[Lingtyp] Any references on temporal relative clauses

Isabelle BRIL isabelle.bril at cnrs.fr
Tue Dec 11 09:22:34 UTC 2018

Dear Jesus

there are such time“clausal noun-modifying constructions" in a number 
ofOceanic languages from New Caledonia, among which Nêlêmwa

Bril Isabelle 2002. Le nêlêmwa (Nouvelle-Calédonie). Analyse syntaxique 
et sémantique, p 438-439 in particular.

(47)cêêkââleknok*ni****yeewa-t****  dua*hlayhalap  hlaabaikibu-va

             very be.plenty fish in time    when 3plfish      

           “there was plenty of fish at the time when our ancestors went 

(49)   hla thoogi-e *n**i khooba yeewa-t****dua*******i     khuwo

3pl  call-3sg  in number  time       when(realis) 3sg  eat

'someone called him whenever he was eating, "             (narrative)

(b)    hla thoogi-e *ni khooba yeewa-t****o***i khuwo

3pl  call-3sg  in number  time       when(irr) 3sg  eat

'someone calls him whenever he eats, " (generic)


in number  time when(irr) 3sgeat       then 3plcall-3sg

         'whenever he eats, someone calls  him"

d)n*i****khooba****yeewa-t****dua*** ikhuwo,*na*hlathoogi-e

in number  time when(real) 3sgeat       then 3plcall-3sg

'whenever he was eating, someone called him"


Le 11/12/2018 à 01:19, Microsoft.com Member a écrit :
> Dear all,
> As you know in many languages temporal, locative, and manner adverbial 
> clauses are structurally identical to relative clauses. This 
> structural identity between relative clauses and adverbial clauses is 
> not infrequent. As Thompson et al. (2007: 245) point out adverbial 
> clauses expressing time, location, and manner can commonly be 
> paraphrased, in many languages, “with a relative clause with a generic 
> and relatively semantically empty head noun: time, place, and 
> way/manner, respectively”.
> I send you this message because currently I am working on a final 
> paper for a course I am taking that explores “temporal relatives in 
> the world´s languages”, as can be seen in the examples in (1) and (2).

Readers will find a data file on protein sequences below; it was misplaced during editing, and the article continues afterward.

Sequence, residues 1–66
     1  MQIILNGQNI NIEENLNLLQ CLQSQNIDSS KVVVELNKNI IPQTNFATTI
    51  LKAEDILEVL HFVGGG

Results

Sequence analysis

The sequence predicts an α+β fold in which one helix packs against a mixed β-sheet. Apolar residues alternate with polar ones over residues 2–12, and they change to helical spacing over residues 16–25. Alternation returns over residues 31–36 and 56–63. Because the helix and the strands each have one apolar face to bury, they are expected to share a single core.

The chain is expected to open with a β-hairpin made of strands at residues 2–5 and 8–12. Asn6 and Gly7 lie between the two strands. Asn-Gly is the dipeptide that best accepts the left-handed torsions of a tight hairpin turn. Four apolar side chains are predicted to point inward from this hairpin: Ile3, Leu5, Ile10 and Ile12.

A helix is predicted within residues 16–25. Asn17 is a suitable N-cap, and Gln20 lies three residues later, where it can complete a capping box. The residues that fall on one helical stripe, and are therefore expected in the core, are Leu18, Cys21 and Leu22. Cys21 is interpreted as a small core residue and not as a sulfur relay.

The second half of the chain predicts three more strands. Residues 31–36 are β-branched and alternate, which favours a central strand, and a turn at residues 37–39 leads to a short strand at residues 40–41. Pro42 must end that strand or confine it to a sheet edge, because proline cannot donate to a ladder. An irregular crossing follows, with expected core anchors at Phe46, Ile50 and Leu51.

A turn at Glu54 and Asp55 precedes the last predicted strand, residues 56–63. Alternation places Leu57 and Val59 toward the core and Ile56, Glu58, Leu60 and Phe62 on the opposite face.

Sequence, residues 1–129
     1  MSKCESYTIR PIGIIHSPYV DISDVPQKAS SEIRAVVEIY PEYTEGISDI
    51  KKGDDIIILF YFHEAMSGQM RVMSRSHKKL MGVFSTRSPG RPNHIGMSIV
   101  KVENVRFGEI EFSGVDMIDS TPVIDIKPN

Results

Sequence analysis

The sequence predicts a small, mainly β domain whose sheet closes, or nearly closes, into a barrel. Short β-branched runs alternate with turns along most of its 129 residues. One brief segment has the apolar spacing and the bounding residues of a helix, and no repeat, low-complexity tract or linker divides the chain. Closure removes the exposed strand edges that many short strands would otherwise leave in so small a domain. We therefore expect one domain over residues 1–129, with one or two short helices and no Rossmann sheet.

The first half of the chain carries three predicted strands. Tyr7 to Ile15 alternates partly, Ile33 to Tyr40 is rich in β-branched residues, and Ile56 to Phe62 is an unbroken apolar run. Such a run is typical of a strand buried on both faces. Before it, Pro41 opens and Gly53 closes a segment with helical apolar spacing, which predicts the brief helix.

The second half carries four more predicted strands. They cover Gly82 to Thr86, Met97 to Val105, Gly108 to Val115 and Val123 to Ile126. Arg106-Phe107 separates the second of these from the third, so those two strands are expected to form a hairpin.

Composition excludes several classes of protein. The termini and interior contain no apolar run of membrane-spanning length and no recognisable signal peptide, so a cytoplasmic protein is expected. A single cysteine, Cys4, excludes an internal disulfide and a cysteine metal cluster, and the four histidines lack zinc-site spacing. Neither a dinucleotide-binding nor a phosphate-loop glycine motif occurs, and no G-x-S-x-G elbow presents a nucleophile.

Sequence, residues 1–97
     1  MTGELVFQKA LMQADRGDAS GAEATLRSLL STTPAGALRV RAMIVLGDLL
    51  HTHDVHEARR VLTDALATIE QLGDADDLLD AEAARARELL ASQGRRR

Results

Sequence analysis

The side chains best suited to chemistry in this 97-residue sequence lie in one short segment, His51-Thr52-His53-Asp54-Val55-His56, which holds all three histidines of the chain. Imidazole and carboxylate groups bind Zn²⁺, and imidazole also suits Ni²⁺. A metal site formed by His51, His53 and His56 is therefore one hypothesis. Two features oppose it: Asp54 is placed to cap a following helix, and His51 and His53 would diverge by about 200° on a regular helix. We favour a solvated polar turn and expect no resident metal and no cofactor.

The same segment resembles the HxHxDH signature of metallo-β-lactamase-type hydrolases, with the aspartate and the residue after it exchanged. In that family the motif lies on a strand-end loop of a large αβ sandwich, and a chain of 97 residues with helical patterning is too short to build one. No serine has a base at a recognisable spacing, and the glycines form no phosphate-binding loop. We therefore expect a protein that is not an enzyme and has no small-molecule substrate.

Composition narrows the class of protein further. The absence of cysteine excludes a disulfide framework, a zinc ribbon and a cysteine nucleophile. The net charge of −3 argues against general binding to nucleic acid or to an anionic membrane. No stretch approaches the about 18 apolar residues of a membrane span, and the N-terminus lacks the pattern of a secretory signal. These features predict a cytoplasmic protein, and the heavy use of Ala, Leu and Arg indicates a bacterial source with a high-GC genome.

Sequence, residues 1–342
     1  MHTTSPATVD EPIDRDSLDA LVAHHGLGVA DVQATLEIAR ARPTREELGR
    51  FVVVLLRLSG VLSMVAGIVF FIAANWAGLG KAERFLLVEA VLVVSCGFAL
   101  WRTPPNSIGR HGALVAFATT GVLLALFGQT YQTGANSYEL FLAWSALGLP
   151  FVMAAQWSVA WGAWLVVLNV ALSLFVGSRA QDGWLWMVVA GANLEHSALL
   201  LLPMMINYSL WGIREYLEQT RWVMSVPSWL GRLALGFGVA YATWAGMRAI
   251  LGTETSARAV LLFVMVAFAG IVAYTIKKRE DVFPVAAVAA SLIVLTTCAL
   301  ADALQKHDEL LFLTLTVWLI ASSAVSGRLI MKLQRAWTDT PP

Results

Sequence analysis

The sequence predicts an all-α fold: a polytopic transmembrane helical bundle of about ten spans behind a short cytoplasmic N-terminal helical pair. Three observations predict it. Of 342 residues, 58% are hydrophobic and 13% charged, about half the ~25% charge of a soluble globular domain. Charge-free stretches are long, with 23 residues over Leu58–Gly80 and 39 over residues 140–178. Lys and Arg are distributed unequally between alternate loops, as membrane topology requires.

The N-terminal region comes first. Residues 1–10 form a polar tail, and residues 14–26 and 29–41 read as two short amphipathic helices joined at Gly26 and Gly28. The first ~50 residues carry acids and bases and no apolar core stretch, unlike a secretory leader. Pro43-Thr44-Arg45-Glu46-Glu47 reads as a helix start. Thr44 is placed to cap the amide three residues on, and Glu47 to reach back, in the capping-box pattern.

> *Kisi*(Niger-Congo/Mel; Childs 1995: 287)
> (1)ŋ̀còcììkìáŋ,*lɔ́ɔ́*ŋ̀còhùnɔ́ɔ́-*ó*.
> 1pl.sbjauxmeettime2sg.sbjauxcome-rel
> ʻWe will seeyou when you come.ʼ
> *Araki*(Austronesian/Oceanic: Vanuatu; François 2002: 182)
> (2)movari-anunu
> 3sg.realtake-3sgshadow
> ʻHe took the photo
> *lodani*no-m̈amtamopam̈ism̈auduro.
> locdayposs-1exc.pldad3sg.realseqstillliveprog
> at the time our father was still aliveʼ
> What I have found so far is that this construction seems to be very 
> frequent in many African (e.g. Eton, Koyra Chiini, Jalkunan, Fongbe, 
> etc) and Oceanic languages (e.g. Daakaka, Toqabaqita, 'Are'are, etc.). 
> I was wondering if you are aware of:
>  1. any paper(s) that has explore this type of construction.
>  2. any languages that have this type of construction.
> Any help will be appreciated!
> Best,
> --
> Jesús Olguín Martínez
> Ph.D. Student, Dept. of Linguistics
> /University of California, Santa Barbara (UCSB)/
> http://www.linguistics.ucsb.edu/people/jesús-olguín-martínez 
> <http://www.linguistics.ucsb.edu/people/jes%C3%BAs-olgu%C3%ADn-mart%C3%ADnez>
> *References*
> Childs, G. Tucker. 1995. /A Grammar of Kisi: A Southern Atlantic 
> Language/. Berlin: De Gruyter Mouton.
> François, Alexandre. 2002. /Araki: A Disappearing Language of 
> Vanuatu/. (Pacific Linguistics, 522.) Canberra: Research School of 
> Pacific and Asian Studies, Australian National University.
> Thompson, Sandra, Longacre, Robert & Hwang, Shin. 2007. Adverbial 
> Clauses. In /Language Typology and Syntactic Description, Volume I//I: 
> Complex Constructions/, Timothy Shopen (ed.),//237-300. Cambridge: 
> Cambridge University Press.
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Isabelle Bril
Directeur de recherches (LACITO-CNRS)
Directeur d'Etudes à l'EPHE (Typologie et Typologie des langues austronésiennes)

Directrice de la fédération de recherches Typologie et Universaux des Langues (FR2559 CNRS)

Ecole de typologie ESSLT 2016

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